Kendra James spent the first few years of her professional career recruiting diverse students for elite prep schools. As the graduate of an independent school herself--the first legacy African American student at the Taft School in Watertown, Conn.--James began to have mixed feelings about promoting the prep school experience to Black and brown kids, having survived countless racist comments and micro-aggressions during her years at Taft. Her reflections on her educational experience led her to write Admissions: A Memoir of Surviving Boarding School.
Micro-aggressions at school--including a roommate who constantly complained about how smelly James's hair products were, and a "friend" who got the school administration involved over a missing $20 bill--meant James always had to be alert and ready to defend herself. As James shares now, she doesn't plan to offer her kids the same educational experience she had, because "that feeling of being the Only One isn't something I will be able to shield my kids from, but I certainly don't have to actively seek it out for them."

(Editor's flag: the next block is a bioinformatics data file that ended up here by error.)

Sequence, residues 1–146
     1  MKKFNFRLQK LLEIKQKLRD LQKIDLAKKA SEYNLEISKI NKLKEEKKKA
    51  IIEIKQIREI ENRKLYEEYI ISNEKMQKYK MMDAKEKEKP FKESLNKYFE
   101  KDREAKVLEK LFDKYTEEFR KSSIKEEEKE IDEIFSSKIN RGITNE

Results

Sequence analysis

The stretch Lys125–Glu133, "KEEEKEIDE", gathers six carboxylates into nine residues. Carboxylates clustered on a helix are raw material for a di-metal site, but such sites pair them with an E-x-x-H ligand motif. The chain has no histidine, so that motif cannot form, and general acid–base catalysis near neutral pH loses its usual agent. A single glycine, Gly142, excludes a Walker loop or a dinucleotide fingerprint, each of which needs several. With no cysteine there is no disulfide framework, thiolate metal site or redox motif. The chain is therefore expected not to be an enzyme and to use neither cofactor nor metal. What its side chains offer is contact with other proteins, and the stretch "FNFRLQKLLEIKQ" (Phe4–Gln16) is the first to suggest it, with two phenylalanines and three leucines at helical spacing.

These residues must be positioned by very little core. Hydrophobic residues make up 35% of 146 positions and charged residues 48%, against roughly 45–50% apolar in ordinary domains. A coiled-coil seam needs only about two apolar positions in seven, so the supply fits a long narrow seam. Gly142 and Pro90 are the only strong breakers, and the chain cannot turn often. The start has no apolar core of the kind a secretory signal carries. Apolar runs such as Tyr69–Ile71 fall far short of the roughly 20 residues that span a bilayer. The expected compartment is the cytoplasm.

With wit and insight, Admissions explores the kind of upper-class education that most Americans have seen only in movies. James analyzes the racist attitudes she had to deal with, tells funny stories of her nerdy ways and fondly recalls the days of AIM chats. People of color who survived mostly white schools are sure to sympathize with James's experiences, but anyone will enjoy her perceptive storytelling. --Jessica Howard, bookseller at Bookmans, Flagstaff, Ariz.